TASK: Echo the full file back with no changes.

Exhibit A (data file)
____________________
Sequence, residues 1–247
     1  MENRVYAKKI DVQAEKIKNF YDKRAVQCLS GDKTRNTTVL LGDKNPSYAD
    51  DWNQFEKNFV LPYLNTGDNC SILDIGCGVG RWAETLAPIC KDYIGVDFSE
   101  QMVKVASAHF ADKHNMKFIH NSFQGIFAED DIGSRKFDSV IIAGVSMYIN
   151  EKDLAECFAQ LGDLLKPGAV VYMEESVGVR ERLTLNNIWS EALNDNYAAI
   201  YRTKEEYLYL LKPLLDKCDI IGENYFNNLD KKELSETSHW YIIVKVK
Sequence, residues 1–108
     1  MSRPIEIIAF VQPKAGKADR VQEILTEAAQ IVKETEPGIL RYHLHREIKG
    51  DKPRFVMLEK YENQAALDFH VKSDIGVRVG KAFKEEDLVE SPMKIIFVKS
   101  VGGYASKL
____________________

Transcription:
Sequence, residues 1–247
     1  MENRVYAKKI DVQAEKIKNF YDKRAVQCLS GDKTRNTTVL LGDKNPSYAD
    51  DWNQFEKNFV LPYLNTGDNC SILDIGCGVG RWAETLAPIC KDYIGVDFSE
   101  QMVKVASAHF ADKHNMKFIH NSFQGIFAED DIGSRKFDSV IIAGVSMYIN
   151  EKDLAECFAQ LGDLLKPGAV VYMEESVGVR ERLTLNNIWS EALNDNYAAI
   201  YRTKEEYLYL LKPLLDKCDI IGENYFNNLD KKELSETSHW YIIVKVK
Sequence, residues 1–108
     1  MSRPIEIIAF VQPKAGKADR VQEILTEAAQ IVKETEPGIL RYHLHREIKG
    51  DKPRFVMLEK YENQAALDFH VKSDIGVRVG KAFKEEDLVE SPMKIIFVKS
   101  VGGYASKL